The Three Great Phases of the FWBO
Oct15

The Three Great Phases of the FWBO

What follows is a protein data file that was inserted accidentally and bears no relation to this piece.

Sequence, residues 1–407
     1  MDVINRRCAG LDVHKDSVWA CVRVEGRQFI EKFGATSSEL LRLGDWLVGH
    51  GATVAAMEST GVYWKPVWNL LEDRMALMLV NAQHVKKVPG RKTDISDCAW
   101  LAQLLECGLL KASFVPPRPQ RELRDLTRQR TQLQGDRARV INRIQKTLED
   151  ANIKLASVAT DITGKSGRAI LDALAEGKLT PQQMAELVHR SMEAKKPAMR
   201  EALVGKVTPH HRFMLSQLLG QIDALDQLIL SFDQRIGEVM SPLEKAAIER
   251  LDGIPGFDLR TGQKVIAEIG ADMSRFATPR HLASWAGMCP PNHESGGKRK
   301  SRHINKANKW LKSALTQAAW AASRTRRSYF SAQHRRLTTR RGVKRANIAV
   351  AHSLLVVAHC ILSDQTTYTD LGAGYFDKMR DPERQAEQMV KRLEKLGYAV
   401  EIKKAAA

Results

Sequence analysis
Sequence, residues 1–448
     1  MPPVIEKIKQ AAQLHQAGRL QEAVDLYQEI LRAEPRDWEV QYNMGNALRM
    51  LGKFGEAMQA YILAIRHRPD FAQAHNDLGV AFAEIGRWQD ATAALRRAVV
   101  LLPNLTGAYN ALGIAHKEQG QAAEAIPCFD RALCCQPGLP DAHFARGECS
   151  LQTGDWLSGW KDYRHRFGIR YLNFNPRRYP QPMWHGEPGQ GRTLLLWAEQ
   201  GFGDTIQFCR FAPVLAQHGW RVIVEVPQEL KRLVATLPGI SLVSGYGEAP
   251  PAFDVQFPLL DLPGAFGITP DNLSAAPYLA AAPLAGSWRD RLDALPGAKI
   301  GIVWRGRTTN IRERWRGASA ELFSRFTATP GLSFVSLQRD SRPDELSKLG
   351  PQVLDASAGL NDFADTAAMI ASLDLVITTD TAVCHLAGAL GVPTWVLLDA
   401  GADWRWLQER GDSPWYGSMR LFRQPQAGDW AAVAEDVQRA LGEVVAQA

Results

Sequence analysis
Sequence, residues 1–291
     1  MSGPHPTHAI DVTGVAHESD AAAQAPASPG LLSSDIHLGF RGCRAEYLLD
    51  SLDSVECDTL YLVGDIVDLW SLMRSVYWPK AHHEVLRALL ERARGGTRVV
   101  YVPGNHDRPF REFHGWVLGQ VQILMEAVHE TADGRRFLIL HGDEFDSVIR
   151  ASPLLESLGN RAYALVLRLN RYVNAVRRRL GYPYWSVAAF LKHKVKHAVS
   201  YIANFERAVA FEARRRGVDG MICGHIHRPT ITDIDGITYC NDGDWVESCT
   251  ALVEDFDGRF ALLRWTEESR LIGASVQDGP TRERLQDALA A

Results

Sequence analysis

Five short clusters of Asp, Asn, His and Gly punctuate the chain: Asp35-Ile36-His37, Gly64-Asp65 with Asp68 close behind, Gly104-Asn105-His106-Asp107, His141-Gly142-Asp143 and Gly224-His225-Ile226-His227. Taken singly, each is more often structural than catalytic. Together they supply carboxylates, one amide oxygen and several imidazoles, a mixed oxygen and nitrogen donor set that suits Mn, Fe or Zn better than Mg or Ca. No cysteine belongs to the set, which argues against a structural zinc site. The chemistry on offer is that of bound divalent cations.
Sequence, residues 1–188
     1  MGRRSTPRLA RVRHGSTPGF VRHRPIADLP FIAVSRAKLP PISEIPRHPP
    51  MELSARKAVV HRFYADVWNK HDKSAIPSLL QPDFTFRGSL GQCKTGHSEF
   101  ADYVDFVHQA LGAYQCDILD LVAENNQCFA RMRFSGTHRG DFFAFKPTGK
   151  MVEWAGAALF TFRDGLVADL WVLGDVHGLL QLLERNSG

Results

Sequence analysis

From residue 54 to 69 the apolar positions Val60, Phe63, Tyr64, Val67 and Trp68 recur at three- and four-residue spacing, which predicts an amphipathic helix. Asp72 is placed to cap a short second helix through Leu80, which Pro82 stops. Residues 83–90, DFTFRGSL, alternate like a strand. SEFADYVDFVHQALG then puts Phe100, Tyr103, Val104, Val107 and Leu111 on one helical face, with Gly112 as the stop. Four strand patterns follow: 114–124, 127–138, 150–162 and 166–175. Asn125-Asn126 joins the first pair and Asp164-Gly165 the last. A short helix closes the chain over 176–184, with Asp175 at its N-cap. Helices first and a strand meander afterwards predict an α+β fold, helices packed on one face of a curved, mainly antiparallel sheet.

The Three Great Phases of the FWBO / Triratna Buddhist Community Or, ‘Around the Wheel’ with Reginald Ray. In this article I explore how Reginald Ray’s Threefold Model applies to the FWBO / Triratna Buddhist Community.  One way of showing how it does apply is to demonstrate how the movement has gone through three great phases in its history: a phase of establishing principles; a phase of Sangha building; and a phase of lay expansion, which correspond respectively to Ray’s three categories of Buddhist practitioner: namely the ‘forest renunciant,’ the ‘settled monastic,’ and the ‘lay practitioner.’  And the fact that collectively Triratna has ‘circled’ through these three phases is I propose due to that fact that prior to stream entry individuals tend to cluster into groups, and generally speaking we are not stream entrants. First, I outline my impression of the history of the Threefold model in the Triratna Buddhist Community.  I then explore stream entry in terms of the ‘Five Paths’ in particular how it results from a person addressing their weaknesses as well as their strengths.  After that I explore the three great phases in the movement, which I have named ‘Establishing Principles,’ ‘Sangha Building’ and ‘Lay Expansion.’  I then offer some predictions and conclude. The Threefold Model According to Vajragupta in ‘The Triratna Story,’ Sangharakshita recommended Reginald Ray’s Buddhist Saints in India back in 1994. I first came across Ray’s ideas as presented by Subhuti in a talk called ‘How to become an Order Member’ as presented on the ‘What is the Order?‘ retreat in 1995.  Subhuti outlined Ray’s categories as a way of talking about the breadth of Order lifestyles and he explained the category of the forest renunciant as corresponding not just to the lone meditator in their cave but also to the dedicated artist or scholar who worked intensively in isolation, but who fed ideas, inspiration and insight back into the wider community. Being temperamentally this kind of practitioner, I was attracted to Ray’s model mainly because it gave me a meaningful place in the Sangha. According to Subhuti the settled monastic corresponded to people in Triratna who ran Buddhist Centres, lived in communities and worked in Team-based Right Livelihood businesses. And the lay practitioner worked out in the world. In the years since Subhuti’s talk I have been aware of little mention of Ray’s model in the Order, except for a faint ‘it doesn’t apply to us,’ with no explanation why.  But I have always believed that it does apply and I argued in favour of it a few years ago in the ‘Threads’ section of the Order journal Shabda.  This year Vajragupta gave a...

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